Posted 21 February, 09on:
When we went to Chicago, I forced Hubski and the boys into the American Girl Store. I was secretly hoping Hubski would be intoxicated by all the cuteness and buy me a doll. No such luck. If I had flat out asked for one, he would have bought it. I did not ask because it seemed so indulgent. I have a hard time spending money on myself, but if he “offered,” how could I refuse? Well, subtly does not work on Hubski. If there had been time to go the American Girl Store in NYC, there is a good chance I would have left with a doll. It was already an indulgent trip. She would have been my souvenir of the trip.
All this time, I thought I wanted Ivy. She is the Chinese-American friend of Julie, girl of the 1970’s. For a very long time, I wanted to adopt a baby girl from China. There is a whole list of reasons, from political to purely emotional. For a whole list of reasons, it never happened. Ivy is what I imagined that little girl might look like one day.
Today, while emailing with Sue about dolls, I looked at the AG site again and saw Sonali. She is the friend of Chrissa, the newest “Girl of the Year.” Chrissa has been getting lots of press on the sewing groups and blogs because Chrissa has a craft room, complete with sewing machine. Chrissa is cute, but Sonali is stunning. She has gorgeous dark, thick hair and caramel skin. According to her “bio,” she is of Indian descent.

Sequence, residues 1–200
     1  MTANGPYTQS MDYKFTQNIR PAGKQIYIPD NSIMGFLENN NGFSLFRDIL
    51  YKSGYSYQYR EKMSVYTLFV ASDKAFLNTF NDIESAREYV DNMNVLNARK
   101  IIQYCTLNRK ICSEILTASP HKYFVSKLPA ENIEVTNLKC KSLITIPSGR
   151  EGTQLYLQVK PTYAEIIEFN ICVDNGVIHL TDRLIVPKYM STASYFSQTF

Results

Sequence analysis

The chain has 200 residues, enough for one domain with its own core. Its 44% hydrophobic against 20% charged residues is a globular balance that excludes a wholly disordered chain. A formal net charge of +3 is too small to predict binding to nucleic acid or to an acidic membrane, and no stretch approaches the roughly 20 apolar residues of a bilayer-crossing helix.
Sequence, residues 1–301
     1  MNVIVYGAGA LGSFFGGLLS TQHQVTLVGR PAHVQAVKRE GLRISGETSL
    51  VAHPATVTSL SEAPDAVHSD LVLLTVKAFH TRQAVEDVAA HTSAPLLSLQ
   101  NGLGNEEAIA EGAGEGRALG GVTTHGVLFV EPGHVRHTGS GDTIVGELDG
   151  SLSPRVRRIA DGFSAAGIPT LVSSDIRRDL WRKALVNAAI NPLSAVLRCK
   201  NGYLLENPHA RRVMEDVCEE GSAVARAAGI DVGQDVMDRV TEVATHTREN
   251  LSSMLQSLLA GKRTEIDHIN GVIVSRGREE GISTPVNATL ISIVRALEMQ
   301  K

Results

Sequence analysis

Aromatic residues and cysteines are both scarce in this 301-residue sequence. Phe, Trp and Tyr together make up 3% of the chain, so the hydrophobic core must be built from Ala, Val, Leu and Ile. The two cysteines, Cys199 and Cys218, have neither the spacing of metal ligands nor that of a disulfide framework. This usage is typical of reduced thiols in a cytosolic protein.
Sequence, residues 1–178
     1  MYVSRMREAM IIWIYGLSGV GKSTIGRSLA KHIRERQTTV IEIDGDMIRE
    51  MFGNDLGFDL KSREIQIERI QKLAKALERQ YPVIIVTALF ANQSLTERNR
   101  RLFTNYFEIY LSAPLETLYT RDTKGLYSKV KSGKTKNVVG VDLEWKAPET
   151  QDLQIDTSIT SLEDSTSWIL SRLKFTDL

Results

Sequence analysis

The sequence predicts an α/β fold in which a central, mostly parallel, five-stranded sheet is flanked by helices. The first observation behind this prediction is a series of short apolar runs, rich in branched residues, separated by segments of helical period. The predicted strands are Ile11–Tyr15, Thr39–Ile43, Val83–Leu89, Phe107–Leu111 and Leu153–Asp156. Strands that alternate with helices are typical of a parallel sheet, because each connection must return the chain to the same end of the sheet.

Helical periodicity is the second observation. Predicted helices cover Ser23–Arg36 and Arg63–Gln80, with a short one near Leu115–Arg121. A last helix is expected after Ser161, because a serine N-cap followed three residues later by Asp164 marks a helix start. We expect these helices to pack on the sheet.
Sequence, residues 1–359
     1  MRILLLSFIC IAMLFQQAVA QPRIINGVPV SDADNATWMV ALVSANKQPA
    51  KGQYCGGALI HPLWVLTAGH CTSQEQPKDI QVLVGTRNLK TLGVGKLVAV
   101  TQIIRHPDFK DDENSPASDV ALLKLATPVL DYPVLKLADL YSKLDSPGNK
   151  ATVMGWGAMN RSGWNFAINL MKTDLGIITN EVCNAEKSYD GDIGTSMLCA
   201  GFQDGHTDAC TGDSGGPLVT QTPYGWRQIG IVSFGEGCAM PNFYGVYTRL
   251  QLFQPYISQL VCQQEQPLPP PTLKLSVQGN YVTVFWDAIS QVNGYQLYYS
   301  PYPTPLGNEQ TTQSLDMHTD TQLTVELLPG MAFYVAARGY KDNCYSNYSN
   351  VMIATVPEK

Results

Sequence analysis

As I scrolled through the dolls, I noticed that all of my favorite dolls are the more ethnically diverse dolls. Marisol is Hispanic and loves to dance. Josephina is the historical doll from Mexico. Kaya is the American Indian doll. Jess McConnell is another Girl of the Year doll who is of mixed heritage, Japanese-American and Irish. The blonde hair and blue eyed dolls are pretty, but do not captivate me. The others have a more interesting look. To me, they look more like the children I see every day.
I am very tempted to just order one for myself. I cannot give a logical explanation for my obsession with dolls, other than it has been with me as long as I can remember. I first learned to sew by sewing clothes for my dolls with scraps leftover from my grandmother’s projects. As well as an early creative outlet, my dolls were an escape from reality. I am no longer looking for an escape from reality, but dolls still hold a special place in my heart.
My only fear is that I won’t be able to stop at just one doll. I run the risk of becoming the Crazy Doll Lady. You know the one… children have moved out, converts their bedrooms into doll rooms, number of dolls reaches triple digits…
Am I nuts? Which one would choose? Do I need to get a grown up life?